- Friends & Family
My drinking and life had spun out of control. I didn’t care if I lived or died. Nothing mattered to me except finding that next drink. I couldn’t sleep, couldn’t eat and would shake constantly. Life had become so dark and isolated.
I went to the doctor’s on the insistence of my mom. There, unbeknownst to me, my doctor and family and friends were doing an alcohol intervention. My drinking had progressed to the point of causing acute pancreatitis, and I was on the verge of losing my job and my mind.
I was put in the hospital and spent three days in ICU for alcohol detox and five more days in the psychiatric unit. When I got out, I knew I couldn’t go back to drinking but didn’t know where else to turn. I started seeing a psychiatrist who specialized in addiction and then started attending support group meetings.
I’ve learned that alcoholism is a disease, and depression is a disease. I suffer from both depression and alcoholism. I’ve learned that if I pick up just one drink, I will die. The acute pancreatitis will return, and I will isolate and get very sick emotionally and physically. Some people seek help quicker than others. My advice is if you think you have an alcohol problem, you are an alcoholic. Seek help any way you can. Try support groups or church. After going through the steps, my spirituality is finally intact, and I have been sober for seven years as of October 27.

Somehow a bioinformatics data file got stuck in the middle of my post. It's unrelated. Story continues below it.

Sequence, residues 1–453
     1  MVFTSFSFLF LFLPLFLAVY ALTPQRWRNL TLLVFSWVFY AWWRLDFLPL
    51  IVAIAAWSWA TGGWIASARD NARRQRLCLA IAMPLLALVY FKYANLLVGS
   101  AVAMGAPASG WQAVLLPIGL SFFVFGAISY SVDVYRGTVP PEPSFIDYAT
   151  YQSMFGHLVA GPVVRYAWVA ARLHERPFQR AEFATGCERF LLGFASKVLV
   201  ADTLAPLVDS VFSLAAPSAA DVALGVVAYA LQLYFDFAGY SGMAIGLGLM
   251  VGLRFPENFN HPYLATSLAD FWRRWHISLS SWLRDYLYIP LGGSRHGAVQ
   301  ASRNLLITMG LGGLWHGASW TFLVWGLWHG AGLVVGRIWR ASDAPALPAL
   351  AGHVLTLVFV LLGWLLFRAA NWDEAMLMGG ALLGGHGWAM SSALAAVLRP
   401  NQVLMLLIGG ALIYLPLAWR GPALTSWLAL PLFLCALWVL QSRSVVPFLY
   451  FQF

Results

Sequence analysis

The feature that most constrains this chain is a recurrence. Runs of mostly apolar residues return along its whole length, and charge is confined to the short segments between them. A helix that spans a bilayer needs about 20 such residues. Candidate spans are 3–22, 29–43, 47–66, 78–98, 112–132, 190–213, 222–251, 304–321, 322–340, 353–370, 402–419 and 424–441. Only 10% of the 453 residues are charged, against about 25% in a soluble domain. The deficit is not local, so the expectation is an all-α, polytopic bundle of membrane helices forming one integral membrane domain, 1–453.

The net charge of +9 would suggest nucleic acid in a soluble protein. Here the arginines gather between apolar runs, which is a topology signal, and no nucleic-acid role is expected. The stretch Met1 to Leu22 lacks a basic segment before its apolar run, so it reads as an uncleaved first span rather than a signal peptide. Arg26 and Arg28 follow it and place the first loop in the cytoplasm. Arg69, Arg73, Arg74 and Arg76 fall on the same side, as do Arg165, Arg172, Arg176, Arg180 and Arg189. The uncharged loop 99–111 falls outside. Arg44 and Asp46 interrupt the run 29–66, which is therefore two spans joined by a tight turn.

Life is good now. I have a great relationship with God. My children and family love me. My friends love me. Most importantly I love me. I have to learn to live life on life’s terms, and sometimes it’s easy, and sometimes it’s hard. I had to change everything about what I once was to live a sober life. Have acceptance and faith. Love yourself. Love God. Love unconditionally. I volunteer once a week at a crisis center to bring support to those who are in a bad place. If I can help just one person get sober, I feel good.
Life can be better than ever imagined, but you have to want a better life. You have to do the work to get a better life. I’ve learned that alcoholism and depression are diseases. We don’t just wake up one day and decide we want these diseases. It happens. The question is, what do you do about it? Life isn’t always going to be easy. Some days it’s a struggle just to get through the day sober, but I’ve learned I can be okay with faith, with prayer, with hanging around people just like me.